Paul L. Caron

Wednesday, July 12, 2017

WSJ:  Paying Law Professors — Inside Google’s Academic Influence Campaign

GoogleWall Street Journal, Hidden Influence | Paying Professors: Inside Google’s Academic Influence Campaign:

Google operates a little-known program to harness the brain power of university researchers to help sway opinion and public policy, cultivating financial relationships with professors at campuses from Harvard University to the University of California, Berkeley.

Over the past decade, Google has helped finance hundreds of research papers to defend against regulatory challenges of its market dominance, paying $5,000 to $400,000 for the work, The Wall Street Journal found.

Some researchers share their papers before publication and let Google give suggestions, according to thousands of pages of emails obtained by the Journal in public-records requests of more than a dozen university professors. The professors don’t always reveal Google’s backing in their research, and few disclosed the financial ties in subsequent articles on the same or similar topics, the Journal found. ...

In some years, Google officials in Washington compiled wish lists of academic papers that included working titles, abstracts and budgets for each proposed paper—then they searched for willing authors, according to a former employee and a former Google lobbyist. ...

The funding of favorable campus research to support Google’s Washington, D.C.-based lobbying operation is part of a behind-the-scenes push in Silicon Valley to influence decision makers. The operation is an example of how lobbying has escaped the confines of Washington’s regulated environment and is increasingly difficult to spot. ...

Google has paid professors whose papers, for instance, declared that the collection of consumer data was a fair exchange for its free services; that the company didn’t use its market dominance to improperly steer users to Google’s commercial sites or its advertisers; and that it hasn’t unfairly quashed competitors. Several papers argued that Google’s search engine should be allowed to link to books and other intellectual property that authors and publishers say should be paid for. ...

Google has funded roughly 100 academic papers on public-policy matters since 2009, according to a Journal analysis of data compiled by the Campaign for Accountability, an advocacy group that has campaigned against Google and receives funds from Google’s rivals, including Oracle Corp. Most mentioned Google’s funding.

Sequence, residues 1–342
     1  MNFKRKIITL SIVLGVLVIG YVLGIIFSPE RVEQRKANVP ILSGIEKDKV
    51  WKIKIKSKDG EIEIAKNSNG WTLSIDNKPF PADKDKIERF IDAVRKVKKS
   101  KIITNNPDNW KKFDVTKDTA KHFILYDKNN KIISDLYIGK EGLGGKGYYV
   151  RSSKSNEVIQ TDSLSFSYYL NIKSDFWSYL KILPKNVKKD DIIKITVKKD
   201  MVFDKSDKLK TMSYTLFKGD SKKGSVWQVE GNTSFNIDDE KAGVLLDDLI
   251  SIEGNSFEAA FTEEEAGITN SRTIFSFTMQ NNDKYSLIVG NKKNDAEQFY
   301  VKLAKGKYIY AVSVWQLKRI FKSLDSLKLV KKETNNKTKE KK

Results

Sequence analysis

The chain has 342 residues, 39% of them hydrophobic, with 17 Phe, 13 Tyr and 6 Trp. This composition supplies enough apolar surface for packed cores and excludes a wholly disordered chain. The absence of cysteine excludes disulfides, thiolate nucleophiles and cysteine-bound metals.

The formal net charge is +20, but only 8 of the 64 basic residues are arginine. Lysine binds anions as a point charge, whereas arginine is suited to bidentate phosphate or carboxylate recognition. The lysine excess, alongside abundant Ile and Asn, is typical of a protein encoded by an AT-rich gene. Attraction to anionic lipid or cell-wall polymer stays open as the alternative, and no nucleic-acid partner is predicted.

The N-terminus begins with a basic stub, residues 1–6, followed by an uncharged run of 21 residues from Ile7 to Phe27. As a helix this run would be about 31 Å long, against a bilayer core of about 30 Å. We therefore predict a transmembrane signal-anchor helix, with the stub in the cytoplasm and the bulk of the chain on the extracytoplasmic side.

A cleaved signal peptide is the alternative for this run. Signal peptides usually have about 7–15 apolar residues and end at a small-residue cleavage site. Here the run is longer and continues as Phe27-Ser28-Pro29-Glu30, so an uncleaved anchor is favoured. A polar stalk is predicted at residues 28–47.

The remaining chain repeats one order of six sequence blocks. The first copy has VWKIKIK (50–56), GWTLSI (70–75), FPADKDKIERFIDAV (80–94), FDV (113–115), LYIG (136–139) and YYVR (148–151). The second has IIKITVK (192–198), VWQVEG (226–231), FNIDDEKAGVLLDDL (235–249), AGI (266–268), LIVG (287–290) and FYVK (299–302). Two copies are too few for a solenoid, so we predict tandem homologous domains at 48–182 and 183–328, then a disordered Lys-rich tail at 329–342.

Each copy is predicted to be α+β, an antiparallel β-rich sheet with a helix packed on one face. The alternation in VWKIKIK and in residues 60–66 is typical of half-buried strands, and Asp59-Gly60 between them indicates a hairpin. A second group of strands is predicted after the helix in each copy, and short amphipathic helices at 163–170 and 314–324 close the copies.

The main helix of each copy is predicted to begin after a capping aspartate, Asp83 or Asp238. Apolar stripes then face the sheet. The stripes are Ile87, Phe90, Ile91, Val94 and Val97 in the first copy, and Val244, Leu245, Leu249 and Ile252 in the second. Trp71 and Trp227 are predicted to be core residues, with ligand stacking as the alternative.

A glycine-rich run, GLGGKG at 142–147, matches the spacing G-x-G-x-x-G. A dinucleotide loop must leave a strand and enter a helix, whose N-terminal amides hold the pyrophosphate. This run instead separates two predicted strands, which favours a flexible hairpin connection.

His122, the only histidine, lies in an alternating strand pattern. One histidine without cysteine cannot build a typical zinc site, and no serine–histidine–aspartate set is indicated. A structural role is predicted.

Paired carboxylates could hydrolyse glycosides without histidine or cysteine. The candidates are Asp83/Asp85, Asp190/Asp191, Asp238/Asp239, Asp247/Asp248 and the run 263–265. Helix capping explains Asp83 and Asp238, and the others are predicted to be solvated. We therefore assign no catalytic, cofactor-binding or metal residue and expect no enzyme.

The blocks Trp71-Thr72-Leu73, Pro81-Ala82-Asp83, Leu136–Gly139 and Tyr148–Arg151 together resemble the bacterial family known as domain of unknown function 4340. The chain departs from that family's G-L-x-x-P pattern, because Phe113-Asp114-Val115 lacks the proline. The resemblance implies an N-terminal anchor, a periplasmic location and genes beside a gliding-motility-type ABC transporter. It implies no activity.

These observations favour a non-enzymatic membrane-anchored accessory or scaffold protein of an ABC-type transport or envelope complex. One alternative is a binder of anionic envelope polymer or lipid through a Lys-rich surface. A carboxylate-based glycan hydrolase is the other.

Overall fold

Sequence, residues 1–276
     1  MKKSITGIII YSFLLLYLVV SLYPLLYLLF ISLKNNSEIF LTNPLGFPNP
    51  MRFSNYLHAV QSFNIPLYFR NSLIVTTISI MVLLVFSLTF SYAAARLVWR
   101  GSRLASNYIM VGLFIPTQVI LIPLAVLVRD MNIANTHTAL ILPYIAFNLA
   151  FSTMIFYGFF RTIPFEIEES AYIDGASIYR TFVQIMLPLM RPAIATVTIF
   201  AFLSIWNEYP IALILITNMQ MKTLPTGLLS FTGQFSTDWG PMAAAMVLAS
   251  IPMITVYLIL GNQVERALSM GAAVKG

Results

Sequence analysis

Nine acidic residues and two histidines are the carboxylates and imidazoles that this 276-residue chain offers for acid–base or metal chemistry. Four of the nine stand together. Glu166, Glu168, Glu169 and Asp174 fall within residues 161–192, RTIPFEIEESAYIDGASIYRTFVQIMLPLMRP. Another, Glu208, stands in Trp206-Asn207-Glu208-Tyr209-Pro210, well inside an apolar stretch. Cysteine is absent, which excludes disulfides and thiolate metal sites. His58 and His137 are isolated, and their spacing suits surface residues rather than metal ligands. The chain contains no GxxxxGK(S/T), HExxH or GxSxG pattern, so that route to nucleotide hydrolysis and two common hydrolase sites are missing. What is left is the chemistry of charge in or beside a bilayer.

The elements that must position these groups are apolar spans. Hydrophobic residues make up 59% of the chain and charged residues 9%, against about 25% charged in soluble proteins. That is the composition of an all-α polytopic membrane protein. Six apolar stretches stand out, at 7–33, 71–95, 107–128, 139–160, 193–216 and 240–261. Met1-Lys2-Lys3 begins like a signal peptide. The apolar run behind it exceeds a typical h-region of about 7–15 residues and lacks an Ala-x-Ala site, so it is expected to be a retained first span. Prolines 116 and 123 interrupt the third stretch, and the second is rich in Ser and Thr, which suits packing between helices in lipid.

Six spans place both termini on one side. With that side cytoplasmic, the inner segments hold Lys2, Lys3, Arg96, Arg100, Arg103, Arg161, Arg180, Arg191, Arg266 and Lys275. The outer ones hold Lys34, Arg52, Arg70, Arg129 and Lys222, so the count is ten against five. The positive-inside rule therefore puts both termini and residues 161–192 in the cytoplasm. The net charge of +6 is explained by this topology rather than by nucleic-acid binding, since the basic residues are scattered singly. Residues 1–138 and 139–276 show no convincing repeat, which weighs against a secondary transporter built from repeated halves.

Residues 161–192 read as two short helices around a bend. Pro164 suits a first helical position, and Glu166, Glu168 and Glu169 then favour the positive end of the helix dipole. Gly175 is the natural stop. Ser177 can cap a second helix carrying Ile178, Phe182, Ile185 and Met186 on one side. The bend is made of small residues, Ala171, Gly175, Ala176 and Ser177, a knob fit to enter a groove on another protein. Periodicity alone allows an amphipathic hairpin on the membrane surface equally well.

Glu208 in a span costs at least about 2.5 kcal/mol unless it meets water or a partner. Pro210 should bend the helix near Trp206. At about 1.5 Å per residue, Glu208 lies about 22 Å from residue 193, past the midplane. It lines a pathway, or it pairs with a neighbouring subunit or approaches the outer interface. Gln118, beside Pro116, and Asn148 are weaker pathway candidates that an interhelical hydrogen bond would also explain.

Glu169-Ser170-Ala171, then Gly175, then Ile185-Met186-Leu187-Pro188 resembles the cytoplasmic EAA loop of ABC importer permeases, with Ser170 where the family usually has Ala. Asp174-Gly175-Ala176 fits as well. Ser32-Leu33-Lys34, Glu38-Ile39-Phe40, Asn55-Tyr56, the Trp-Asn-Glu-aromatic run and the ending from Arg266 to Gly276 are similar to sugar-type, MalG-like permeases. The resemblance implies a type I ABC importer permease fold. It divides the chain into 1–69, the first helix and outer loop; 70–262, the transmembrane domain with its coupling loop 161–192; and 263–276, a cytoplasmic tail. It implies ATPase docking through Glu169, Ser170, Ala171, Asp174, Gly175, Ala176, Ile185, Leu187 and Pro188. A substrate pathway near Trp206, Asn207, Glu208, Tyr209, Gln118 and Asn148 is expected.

Another 100 or so research papers were written by authors with financing by think tanks or university research centers funded by Google and other tech firms, according to the data. Most of those papers didn’t disclose the financial support by the companies, the Campaign for Accountability data show.

Google said in some of its funding letters that it would “appreciate receiving attribution or acknowledgment of our award in applicable university publications.” There are no professional standards on such disclosures in the research papers, which are mostly published in law journals at the universities.

Money spent on the research measures in the low millions of dollars—according to the former employee and former lobbyist—a relatively small expense for the search-and-advertising giant. Some in academia say professors pay too high a price. Such corporate funding runs the risk of creating the impression “that academics are lobbyists rather than scholars,” Robin Feldman, of the University of California Hastings College of the Law, said in a Harvard University law journal article she co-wrote last year.

Ms. Feldman and other critics of the funding say even disclosing money received from a company that has benefited from the research can give the appearance of a conflict of interest and undermine academic credibility. ...

“Yeah, the money is good but it does get in the way of objective academic research,” said Daniel Crane, a University of Michigan law professor. He said he turned down Google’s offers to fund his research that opposed antitrust regulation of internet search engines. “If I am reading an academic paper, and they disclose an interest with a party with an interest in the outcome,” he said, “you take [the research] with a grain of salt.” ...

In 2010, Google hired Deven Desai, then a researcher in law and technology at Princeton University, to find academics to write research papers helpful to the company. Over the next two years, Mr. Desai said, he spent more than $2 million of Google’s money on conferences and research papers that paid authors $20,000 to $150,000.

Legal Education | Permalink


Amazing how many are repeat players. They may as well be on Google's payroll. I have read it is OK if you disclose. Disclosure just shifts the risk of bias to the reader, like a warning label. How much would you pay for a product that says "This may or may not work?"

Posted by: Jeffrey harrison | Jul 14, 2017 12:14:43 PM